If part of the milled rice kernel is opaque rather than translucent, it is often characterized as "chalky". Although the color disappears upon cooking, it can affect the adhesive texture of the cooked rice and lead to a chewier product. This negatively impacts consumers’ perception of rice quality and confidence in a brand. Such chalkiness is most commonly caused by either high night temperatures throughout growing, rice maturity, or heat interruption during the final stages of grain filling. Detection of chalky rice is therefore a quality parameter of significance.
Rapid detection and categorization processes for chalky or abnormal-shaped rice crops are imperative, as is the need to identify rice that is considered immature. Immature grains can have a major impact on head rice yield and the overall quality. Immature kernels are very slender and chalky, which results in excessive production of bran, broken grains and "brewer’s rice". Although brewer’s rice (slightly broken grains) can be used in beer brewing and rice products such as flour and noodles, it is sold at a discounted rate.
The optimal moisture stage to harvest grain in many countries is about 30 days after flowering. If the harvest is too late, many grains are lost through shattering or drying out and are cracked during threshing, which again causes grain breakage during milling.
In order to produce premium rice and achieve maximum profits, there is a demand for sensitive methods for vigorous quality parameters throughout the entire measuring and production processes.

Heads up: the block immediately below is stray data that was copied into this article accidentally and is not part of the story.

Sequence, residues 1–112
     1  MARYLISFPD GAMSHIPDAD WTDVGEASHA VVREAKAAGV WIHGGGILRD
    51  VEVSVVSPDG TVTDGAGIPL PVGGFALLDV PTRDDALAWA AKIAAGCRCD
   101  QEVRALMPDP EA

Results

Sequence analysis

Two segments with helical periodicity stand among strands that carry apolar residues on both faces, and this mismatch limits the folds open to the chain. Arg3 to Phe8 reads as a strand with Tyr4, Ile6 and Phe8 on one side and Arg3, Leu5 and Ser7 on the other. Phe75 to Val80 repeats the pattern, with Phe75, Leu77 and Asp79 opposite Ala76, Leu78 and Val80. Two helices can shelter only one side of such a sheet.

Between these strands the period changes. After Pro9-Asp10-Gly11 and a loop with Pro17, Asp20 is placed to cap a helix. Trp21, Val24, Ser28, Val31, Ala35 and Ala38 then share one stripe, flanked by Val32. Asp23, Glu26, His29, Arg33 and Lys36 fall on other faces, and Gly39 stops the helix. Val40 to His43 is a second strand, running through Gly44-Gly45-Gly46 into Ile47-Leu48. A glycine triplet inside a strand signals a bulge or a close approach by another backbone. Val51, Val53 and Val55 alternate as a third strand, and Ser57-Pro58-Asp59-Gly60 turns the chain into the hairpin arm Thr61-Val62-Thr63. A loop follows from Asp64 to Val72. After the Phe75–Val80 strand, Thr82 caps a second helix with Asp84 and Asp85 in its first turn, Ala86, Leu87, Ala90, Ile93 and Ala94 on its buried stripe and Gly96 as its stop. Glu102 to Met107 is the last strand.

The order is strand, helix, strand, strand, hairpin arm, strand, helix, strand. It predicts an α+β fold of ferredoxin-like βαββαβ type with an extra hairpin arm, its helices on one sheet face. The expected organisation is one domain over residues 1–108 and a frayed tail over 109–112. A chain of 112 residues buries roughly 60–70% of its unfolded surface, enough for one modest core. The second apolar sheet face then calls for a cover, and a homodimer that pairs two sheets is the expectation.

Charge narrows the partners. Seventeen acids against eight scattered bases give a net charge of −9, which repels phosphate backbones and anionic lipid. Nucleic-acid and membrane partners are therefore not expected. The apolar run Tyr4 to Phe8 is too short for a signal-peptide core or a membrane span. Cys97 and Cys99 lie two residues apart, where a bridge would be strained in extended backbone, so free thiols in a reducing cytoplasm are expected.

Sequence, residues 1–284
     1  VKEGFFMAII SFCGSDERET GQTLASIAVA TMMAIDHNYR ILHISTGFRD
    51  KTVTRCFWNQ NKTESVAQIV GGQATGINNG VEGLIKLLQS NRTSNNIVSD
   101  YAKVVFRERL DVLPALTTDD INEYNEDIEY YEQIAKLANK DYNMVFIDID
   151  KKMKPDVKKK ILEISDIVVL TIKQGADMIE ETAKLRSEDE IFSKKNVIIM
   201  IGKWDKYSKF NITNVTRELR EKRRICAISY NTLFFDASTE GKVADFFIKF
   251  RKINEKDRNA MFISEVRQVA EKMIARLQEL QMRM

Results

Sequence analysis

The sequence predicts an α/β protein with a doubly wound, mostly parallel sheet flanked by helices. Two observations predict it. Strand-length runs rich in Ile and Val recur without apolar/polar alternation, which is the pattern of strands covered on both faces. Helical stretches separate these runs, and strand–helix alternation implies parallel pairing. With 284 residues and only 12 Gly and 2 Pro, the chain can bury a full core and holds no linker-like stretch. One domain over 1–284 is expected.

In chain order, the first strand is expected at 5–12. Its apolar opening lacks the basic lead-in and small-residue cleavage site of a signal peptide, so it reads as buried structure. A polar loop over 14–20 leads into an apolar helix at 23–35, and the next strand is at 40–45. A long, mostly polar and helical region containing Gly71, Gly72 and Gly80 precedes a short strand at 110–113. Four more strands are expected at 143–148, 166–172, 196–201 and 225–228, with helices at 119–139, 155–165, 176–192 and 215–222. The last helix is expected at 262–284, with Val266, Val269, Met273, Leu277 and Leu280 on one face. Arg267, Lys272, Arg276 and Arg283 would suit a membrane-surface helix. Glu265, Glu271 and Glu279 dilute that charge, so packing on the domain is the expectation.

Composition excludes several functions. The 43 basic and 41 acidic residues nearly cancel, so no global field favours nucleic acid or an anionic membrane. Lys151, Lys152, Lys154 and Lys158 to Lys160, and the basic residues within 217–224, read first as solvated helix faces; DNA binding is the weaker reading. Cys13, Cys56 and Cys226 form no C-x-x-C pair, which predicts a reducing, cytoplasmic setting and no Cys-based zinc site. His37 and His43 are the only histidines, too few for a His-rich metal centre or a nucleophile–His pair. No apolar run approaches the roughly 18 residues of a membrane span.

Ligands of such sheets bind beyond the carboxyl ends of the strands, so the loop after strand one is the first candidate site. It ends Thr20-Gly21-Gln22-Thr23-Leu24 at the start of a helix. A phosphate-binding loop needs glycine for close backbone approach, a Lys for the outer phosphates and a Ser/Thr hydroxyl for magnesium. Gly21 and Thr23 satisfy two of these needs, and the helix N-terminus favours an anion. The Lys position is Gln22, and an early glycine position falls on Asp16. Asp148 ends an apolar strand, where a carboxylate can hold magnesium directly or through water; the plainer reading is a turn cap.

Pests in your Pilaf
Pesticides and other agrochemicals are widely applied to protect crops and maximize crop yields. As seen in current research, 30% of current global crop yields are due to the application of pesticides. Good soil nutrition also leads to a healthier crop. With the increased use of nitrogen fertilizers, which allow a higher assimilation of nitrogen into the grain, yields are improving and protein content is increasing.
Looking to the future, we can presume pesticides will continue to evolve and be relied upon to provide high quality grains to the growing global population. However, as consumers become growingly aware of the potential harm that chemical residues can cause, accurate technologies that can deduce the levels of different pesticides in rice are important to ensure consumer safety and confidence.
Heavy metal presence is also a key concern of consumers. Due to an increasing industrial development process, paddy rice harvests have been demonstrated to be contaminated by potentially carcinogenic and toxic heavy metals such as cadmium, arsenic and lead. These trace metals are believed to have adverse effects on the nervous, cardiovascular and respiratory systems.
As consumer concerns about environmental and chemical contaminants increase, so does the growing need for sensitive and robust tools to measure contaminant concentration in rice.
Going with the Grain
In a highly competitive industry, supplying premium produce can boost a brand’s reputation and help it to stand out amongst the competition.
Additionally, as the demand for rice-based foods continues to grow, it is vital that inventive solutions for improved analysis are developed, with advanced control to assist processors. This will aid the continuous cultivation of premium crops and the production of innovative rice-based products, safeguarding the high-quality produce for every plate.